35 vie for Lanka’s President post

Sri Lanka People's Front party presidential election candidate and former wartime defense chief Gotabhaya Rajapaksa (L) and his brother, former president and opposition leader Mahinda Rajapaksa, show victory signs as they gesture at supporters after handing over nominations papers at the election commission ahead of Sri Lanka's presidential election, in Colombo, Sri Lanka October 7, 2019. (Reuters)
Updated 08 October 2019

35 vie for Lanka’s President post

  • The nominations were processed under tight security in the city of Colombo

COLOMBO: Thirty-five out of the 41 candidates who paid their deposits to contest the island’s Presidential elections were accepted by the Elections Commission in Colombo on Monday.

The incumbent President Maithripala Sirisena did not contest for the second time for the President’s post. His party, Sri Lanka Freedom Party (SLFP) did not nominate anyone for the election, which shocked voters since the Bandaranaike clan, so long the dominant political force in the country, will not be backing any political party in the election.

The candidates include the Sri Lanka Podujana Peramuna candidate Gotabaya Rajapaksa, United National Front Candidate (UNF) Sajith Premadasa, National People’s Power (NPP) Candidate Anura Kumara Dissanayake and former Army Commander Mahesh Senanayake.

The nominations were processed under tight security in the city of Colombo. Some of the schools close to the headquarters of the Elections Commission were closed during the day, roads were blocked and more than 1,200 policemen and 500 members of the special forces were deployed in the capital to ensure a calm nomination day. Processions and demonstrations were banned on Monday.

Sri Lanka police said that the displaying of posters, banners and cut-outs related to the forthcoming presidential election is prohibited with effect from Monday. Police spokesman SP Ruwan Gunasekara said as per the provisions of the Presidential Elections Act, the displaying of posters, banners and cut-outs will be prohibited from Monday subject to certain exceptions. According to the provisions in the act election-related parades, including vehicle parades and processions of people, will also be prohibited from today, he said, adding that these regulations apply to the entire island.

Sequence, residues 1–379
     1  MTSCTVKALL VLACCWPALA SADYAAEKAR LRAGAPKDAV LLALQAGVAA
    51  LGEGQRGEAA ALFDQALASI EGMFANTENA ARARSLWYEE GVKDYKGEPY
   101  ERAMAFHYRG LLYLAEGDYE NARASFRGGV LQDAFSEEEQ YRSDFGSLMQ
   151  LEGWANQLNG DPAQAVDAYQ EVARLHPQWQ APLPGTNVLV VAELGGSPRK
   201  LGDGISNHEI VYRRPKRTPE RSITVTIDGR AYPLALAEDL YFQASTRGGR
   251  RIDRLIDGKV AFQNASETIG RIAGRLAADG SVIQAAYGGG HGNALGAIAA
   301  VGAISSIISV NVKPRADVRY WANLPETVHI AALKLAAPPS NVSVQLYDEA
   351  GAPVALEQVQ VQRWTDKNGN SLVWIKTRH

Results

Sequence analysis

Chairman of the Elections Commission Mahinda Deshapriya said that out of the 41 candidates who had paid their deposits, were from 19 recognized political parties,19 from independent parties and three from other political parties.

Deshapriya said that the cost of the elections would be at least 10 million rupees ($55,000) which is an increase over the previous elections. “This is due to the increased number of candidates, the rise in stationery costs and the increase in the number of polling stations,” he added. He said that there were two objections raised against the candidacy of the nominees during the nominations and they were dismissed since they were baseless.

The chairman also urged all trade unions to call off their strikes during the election period till November 16 to ensure a smooth election without violence and disturbances.

Western Province Governor A.J.M.Muzammil received one of the main contenders, Gotabhaya Rajapaksa, at the Wijerama Temple in Colombo following the nominations. Najeeb Mowlana, a prominent social worker who was present at the temple, said that Rajapaksa is an independent who will serve all communities without any discrimination.

National Unity Alliance Leader and former Governor of the Western Province Azath Salley said on Monday that 29 out of the 35 candidates are from the majority community and they all are vying for the 70 percent majority community votes. “The votes from the majority community will be divided among the first four contenders and they have to depend on the minority votes to win the election,” Salley said.

M.R.M.Waseem, political journalist from a reputed local daily, said that the absence of SLFP candidate in the presidential polls, is a major drawback. “President Maithripala Sirisena is from SLFP and it was founded by late S.W.R.D. Bandaranaike and had ruled the country for decades,” Waseem said, lamenting that its absence in the election will lead to the natural death of the powerful party.

Thai rice farmers shun ‘big agribusiness’ and fight climate change

Updated 57 min 4 sec ago

Thai rice farmers shun ‘big agribusiness’ and fight climate change